HOW you did in school at age 18 should not define your life, Deputy Prime Minister Tharman Shanmugaratnam firmly believes.
This is why his vision for Singapore in 20 years is for it to become a society where people treat each other as equals, regardless of their education or job.
What matters is not which school one went to, or how one did at 18. What should matter is whether everyone has the opportunity to continually improve and upgrade his lot in life, whatever his starting point.
As the country mulls over the kind of society it wants to be, it has to look beyond just raising wages, or what kind of tax policy to have. "It's about changing the way we think about responsibility to society... It's also recognising the role that everyone plays in keeping the society going."
While he has spoken on meritocracy before, this time Mr Tharman sketched out in detail his views in an interview with The Straits Times.
He was responding to a question on what kind of Singapore he hoped for his four children in the next 20 years, when they will be aged between 37 and 42. The question was chosen online by readers of the ST current affairs website Singapolitics as the fifth most popular out of 20 possible questions for him to answer.
"We've had a working meritocracy. It has brought us quite far. It's allowed for a tremendous amount of social mobility in our first 40 years, but I think it has to evolve," he said.
"We've got to be a broader meritocracy recognising different strengths and different individuals, but also a continuous meritocracy where it doesn't matter so much what happened when you're in Sec 4 or JC 2 or when you finish your polytechnic or ITE (course), but what happens after that." It is not just education, he added, but also the way ordinary workers are treated whether in a restaurant or on a bus.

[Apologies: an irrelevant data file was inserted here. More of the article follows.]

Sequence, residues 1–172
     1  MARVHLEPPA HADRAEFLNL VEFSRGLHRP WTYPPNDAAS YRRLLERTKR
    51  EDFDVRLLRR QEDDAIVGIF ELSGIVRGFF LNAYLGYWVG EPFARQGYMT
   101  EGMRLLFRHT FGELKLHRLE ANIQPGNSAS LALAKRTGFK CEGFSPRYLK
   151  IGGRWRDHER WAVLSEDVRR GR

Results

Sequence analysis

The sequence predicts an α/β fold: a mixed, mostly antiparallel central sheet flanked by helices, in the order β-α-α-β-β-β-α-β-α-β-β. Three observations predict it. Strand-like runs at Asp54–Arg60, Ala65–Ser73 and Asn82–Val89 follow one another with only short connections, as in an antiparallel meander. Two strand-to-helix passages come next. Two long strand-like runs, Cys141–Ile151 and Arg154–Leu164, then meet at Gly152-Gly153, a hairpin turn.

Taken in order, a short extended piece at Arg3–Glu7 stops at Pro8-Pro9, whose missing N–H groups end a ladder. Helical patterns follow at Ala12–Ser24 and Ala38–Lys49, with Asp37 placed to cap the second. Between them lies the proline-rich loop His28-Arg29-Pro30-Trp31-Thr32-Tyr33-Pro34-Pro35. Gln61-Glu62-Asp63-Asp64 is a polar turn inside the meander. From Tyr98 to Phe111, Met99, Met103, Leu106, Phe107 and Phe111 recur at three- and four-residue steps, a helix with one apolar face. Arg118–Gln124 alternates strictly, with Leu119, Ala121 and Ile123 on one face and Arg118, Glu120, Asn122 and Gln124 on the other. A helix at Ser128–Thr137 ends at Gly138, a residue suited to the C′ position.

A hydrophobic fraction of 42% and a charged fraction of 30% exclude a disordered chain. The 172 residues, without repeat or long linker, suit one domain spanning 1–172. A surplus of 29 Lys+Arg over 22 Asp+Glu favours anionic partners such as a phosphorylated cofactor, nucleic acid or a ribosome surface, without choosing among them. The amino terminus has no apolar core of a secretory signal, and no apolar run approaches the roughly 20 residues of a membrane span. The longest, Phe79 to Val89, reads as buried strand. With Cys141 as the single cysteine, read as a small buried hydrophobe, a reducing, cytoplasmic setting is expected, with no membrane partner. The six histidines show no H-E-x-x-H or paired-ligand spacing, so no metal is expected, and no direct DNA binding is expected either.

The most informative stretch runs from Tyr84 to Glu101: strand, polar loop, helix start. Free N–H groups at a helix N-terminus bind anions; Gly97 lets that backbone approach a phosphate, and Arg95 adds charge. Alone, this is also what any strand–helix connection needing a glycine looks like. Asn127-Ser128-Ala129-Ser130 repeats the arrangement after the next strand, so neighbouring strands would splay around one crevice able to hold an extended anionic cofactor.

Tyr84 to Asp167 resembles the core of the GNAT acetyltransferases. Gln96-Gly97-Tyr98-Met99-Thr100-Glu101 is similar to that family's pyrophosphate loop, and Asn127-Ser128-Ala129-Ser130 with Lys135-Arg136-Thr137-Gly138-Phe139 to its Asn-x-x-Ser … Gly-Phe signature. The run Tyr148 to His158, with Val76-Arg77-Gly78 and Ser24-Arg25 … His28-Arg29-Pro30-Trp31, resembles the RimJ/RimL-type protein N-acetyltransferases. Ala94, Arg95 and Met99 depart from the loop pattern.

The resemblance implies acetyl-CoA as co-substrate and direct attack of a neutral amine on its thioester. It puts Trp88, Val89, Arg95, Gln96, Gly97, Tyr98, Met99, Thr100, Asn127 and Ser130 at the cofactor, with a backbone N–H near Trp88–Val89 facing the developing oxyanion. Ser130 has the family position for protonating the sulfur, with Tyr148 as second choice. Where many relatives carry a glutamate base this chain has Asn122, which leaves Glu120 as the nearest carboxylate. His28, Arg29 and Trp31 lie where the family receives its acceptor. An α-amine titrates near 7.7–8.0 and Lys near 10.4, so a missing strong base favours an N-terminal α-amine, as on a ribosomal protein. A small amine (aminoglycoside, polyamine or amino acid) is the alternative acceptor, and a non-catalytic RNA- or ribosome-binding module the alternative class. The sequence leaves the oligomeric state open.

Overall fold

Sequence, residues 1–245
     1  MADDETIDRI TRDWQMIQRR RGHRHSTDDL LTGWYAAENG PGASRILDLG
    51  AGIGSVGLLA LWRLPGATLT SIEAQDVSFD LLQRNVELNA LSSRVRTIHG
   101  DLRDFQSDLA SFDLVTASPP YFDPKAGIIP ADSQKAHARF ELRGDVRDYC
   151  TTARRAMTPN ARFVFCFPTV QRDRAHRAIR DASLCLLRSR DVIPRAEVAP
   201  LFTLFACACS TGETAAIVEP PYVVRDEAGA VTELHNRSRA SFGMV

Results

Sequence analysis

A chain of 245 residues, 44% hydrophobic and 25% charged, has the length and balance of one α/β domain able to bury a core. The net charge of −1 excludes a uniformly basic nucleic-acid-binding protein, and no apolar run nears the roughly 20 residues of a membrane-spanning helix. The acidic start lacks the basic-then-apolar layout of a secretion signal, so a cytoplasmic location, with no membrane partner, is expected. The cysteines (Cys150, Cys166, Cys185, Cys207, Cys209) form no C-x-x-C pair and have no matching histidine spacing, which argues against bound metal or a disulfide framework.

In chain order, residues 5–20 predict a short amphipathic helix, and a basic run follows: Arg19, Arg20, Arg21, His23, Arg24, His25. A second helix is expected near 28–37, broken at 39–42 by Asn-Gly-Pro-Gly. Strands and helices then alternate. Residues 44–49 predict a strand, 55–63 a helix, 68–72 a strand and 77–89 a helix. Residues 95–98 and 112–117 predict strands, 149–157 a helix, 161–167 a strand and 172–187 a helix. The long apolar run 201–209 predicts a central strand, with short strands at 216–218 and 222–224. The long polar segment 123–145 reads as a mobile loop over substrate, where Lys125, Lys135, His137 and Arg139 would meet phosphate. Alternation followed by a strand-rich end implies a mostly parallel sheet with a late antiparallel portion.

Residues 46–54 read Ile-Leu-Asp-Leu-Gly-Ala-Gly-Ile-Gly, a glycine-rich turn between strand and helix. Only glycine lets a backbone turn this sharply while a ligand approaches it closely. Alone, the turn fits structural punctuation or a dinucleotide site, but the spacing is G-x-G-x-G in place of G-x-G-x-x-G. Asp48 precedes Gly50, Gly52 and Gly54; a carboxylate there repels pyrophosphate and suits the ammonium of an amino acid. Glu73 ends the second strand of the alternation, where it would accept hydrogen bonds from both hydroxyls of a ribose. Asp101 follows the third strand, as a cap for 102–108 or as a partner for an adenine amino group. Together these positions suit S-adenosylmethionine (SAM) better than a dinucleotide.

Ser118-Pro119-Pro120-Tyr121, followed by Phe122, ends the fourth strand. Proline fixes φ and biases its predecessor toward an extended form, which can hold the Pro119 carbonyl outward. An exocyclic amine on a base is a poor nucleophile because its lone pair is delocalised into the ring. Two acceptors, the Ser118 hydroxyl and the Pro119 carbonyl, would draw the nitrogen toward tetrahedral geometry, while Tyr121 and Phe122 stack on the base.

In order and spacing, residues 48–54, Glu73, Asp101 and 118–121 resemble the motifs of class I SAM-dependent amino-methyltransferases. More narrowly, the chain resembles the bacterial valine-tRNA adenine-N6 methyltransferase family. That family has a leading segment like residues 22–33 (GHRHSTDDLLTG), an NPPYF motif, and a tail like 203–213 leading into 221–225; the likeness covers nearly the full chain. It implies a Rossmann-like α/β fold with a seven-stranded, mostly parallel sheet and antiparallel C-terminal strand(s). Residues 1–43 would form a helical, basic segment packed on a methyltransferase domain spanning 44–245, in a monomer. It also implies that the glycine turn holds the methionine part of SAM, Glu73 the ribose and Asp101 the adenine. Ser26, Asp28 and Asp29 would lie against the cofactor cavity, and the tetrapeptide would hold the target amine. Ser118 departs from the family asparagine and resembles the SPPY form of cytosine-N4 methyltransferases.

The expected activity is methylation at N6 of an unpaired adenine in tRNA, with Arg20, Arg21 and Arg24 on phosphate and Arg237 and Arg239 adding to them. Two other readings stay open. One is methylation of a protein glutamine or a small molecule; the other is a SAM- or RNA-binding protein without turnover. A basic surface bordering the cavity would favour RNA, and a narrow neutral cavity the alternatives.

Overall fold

While significant changes to improve this have already been made in the last decade, he said, more is still needed.
"We are a meritocracy that's still a bit too much defined by what happened in your school years or your post-secondary years."
Mr Tharman, a former education minister, observed that the education system has created two groups of students.
One group know their strengths, but are not "sufficiently aware of their weaknesses, and not sufficiently aware of the strengths of others".
The other group have not done as well in school and are "very aware of what they didn't achieve, but not enough of them have discovered their strengths".
There has to be more mixing among people of different backgrounds, he said, and people have to be given opportunities to continually develop their skills and talents, or what he calls mastery.
"That's the only way in which, over time, quietly, without realising it, you recognise the strengths of others and you also know your weaknesses."
Singapore is the way it is, he explained, as a result of a combination of the British and Chinese approaches to education - the British system is "quite an elitist system", while Chinese education culture is "quite test-oriented".
Going forward, as Singaporeans think about the society they want, he hopes they will ask the fundamental question of "how we view fellow Singaporeans".
"Do you view them as equals? Do you do things together? That has to start from a young age and it has to continue through life."